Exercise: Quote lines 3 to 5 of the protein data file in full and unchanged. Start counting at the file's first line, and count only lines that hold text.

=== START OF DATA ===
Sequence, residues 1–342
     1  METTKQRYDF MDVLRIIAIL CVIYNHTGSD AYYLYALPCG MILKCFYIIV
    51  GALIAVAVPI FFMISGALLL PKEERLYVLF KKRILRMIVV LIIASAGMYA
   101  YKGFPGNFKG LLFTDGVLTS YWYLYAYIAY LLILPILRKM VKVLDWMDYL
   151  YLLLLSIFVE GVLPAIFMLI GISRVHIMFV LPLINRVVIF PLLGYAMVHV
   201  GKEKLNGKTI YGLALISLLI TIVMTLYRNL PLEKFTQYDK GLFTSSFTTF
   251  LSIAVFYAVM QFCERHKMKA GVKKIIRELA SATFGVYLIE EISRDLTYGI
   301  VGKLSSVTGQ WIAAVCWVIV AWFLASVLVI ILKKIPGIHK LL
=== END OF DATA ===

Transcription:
    51  GALIAVAVPI FFMISGALLL PKEERLYVLF KKRILRMIVV LIIASAGMYA
   101  YKGFPGNFKG LLFTDGVLTS YWYLYAYIAY LLILPILRKM VKVLDWMDYL
   151  YLLLLSIFVE GVLPAIFMLI GISRVHIMFV LPLINRVVIF PLLGYAMVHV